The second powder mixture further comprises a third mineral material which is not very soluble in water and does not impede the setting of the cement. The third mineral material is preferably selected from lime, calcium carbonate, calcite, dolomite, magnesite and argillaceous matter.
In a further preferred embodiment, the second powder mixture further comprises sodium silicate as an additional binder.
Further objects, features and advantages of the present invention will become apparent from the Description of Preferred Embodiments which follows, when considered together with the illustrative examples.
The method of the present invention is characterized in that crushed refuse free from metallic constituents is mixed homogeneously with at least one powdered, mineral material containing calcium oxide in the free or combined state. The mixture thus obtained is granulated under pressure and the granules so formed are subjected to heat treatment at a temperature lying between 130° and 230° C. for a length of time such that their water content is reduced to a value from about 0.1 to 1% by weight. The granules are thereafter finely crushed and the powder thus obtained is mixed with hydraulic cement and a suitable quantity of water for setting the cement. This homogeneous powdery mixture is granulated under pressure, and, finally, the granules are left to harden with the setting of the cement.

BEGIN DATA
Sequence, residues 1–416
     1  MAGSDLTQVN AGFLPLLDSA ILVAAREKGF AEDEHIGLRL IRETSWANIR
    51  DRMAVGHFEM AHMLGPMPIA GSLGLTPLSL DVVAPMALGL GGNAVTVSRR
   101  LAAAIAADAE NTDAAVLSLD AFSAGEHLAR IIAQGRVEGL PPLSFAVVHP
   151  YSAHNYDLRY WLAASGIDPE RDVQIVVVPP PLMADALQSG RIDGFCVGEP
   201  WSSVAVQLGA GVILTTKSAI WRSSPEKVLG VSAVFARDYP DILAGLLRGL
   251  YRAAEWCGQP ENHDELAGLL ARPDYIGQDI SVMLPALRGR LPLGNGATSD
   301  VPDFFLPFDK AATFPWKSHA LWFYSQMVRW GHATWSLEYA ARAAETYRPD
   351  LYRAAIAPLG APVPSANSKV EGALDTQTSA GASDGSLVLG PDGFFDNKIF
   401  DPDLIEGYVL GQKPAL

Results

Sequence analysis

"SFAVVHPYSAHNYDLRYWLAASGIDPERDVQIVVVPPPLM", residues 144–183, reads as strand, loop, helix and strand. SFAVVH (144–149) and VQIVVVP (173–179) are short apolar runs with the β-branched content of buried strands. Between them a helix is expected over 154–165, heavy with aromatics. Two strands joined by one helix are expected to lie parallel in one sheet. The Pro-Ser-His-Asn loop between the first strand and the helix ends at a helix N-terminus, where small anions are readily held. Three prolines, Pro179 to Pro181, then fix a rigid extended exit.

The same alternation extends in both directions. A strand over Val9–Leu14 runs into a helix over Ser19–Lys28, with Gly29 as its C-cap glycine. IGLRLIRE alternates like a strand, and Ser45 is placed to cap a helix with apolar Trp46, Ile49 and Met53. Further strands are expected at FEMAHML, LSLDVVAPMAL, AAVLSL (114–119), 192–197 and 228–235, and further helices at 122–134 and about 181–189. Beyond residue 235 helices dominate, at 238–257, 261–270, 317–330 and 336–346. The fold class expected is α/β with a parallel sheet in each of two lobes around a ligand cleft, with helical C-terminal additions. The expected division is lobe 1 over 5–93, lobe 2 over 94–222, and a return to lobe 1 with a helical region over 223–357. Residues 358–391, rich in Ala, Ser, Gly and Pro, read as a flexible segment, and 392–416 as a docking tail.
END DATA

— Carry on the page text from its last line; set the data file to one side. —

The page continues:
The method in accordance with the invention is founded upon the combination of (1) a heat treatment of first granules, obtained by granulating under pressure a homogeneous mixture of crushed refuse and mineral matter containing calcium oxide, and (2) granulation under pressure of the powder resulting from the crushing of the first granules after their heat treatment. Hydraulic cement is employed as binder in order to confer a high mechanical strength upon the granules finally obtained.
It has been surprisingly found that this new combination of operations enables granules to be obtained which exhibit a high mechanical strength, high chemical and biological inertness, and practically zero solubility in water. The granules produced may therefore be employed as building material without risk of pollution and other nuisances.
The mineral material containing calcium oxide in the free or combined state may be chosen from, for example, lime, flyash, calcite, dolomite and argillaceous matter.
The proportions of the mixture of crushed refuse and mineral matter containing calcium oxide are advantageously from about 90 to 95% by weight refuse, and about 5 to 10% by weight mineral material.
One may additionally incorporate into the mixture of crushed refuse and mineral material containing calcium oxide, at least one second, mineral material containing calcium and magnesium carbonate in the free or combined state, for example, dolomite.